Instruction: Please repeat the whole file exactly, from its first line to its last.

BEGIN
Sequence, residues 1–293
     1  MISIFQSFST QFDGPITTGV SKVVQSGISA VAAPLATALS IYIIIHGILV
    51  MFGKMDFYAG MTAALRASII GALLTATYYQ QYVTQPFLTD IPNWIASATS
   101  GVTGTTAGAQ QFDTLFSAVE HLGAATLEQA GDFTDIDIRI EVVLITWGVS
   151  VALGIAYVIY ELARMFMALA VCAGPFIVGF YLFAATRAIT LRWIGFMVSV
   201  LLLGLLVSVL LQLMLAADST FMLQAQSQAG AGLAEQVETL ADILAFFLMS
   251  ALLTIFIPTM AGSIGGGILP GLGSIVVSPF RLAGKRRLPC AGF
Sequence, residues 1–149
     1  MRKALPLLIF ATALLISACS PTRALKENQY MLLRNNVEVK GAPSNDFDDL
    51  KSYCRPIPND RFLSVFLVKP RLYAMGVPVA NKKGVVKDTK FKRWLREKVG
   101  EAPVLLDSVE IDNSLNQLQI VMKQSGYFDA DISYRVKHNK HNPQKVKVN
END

Sequence, residues 1–293
     1  MISIFQSFST QFDGPITTGV SKVVQSGISA VAAPLATALS IYIIIHGILV
    51  MFGKMDFYAG MTAALRASII GALLTATYYQ QYVTQPFLTD IPNWIASATS
   101  GVTGTTAGAQ QFDTLFSAVE HLGAATLEQA GDFTDIDIRI EVVLITWGVS
   151  VALGIAYVIY ELARMFMALA VCAGPFIVGF YLFAATRAIT LRWIGFMVSV
   201  LLLGLLVSVL LQLMLAADST FMLQAQSQAG AGLAEQVETL ADILAFFLMS
   251  ALLTIFIPTM AGSIGGGILP GLGSIVVSPF RLAGKRRLPC AGF
Sequence, residues 1–149
     1  MRKALPLLIF ATALLISACS PTRALKENQY MLLRNNVEVK GAPSNDFDDL
    51  KSYCRPIPND RFLSVFLVKP RLYAMGVPVA NKKGVVKDTK FKRWLREKVG
   101  EAPVLLDSVE IDNSLNQLQI VMKQSGYFDA DISYRVKHNK HNPQKVKVN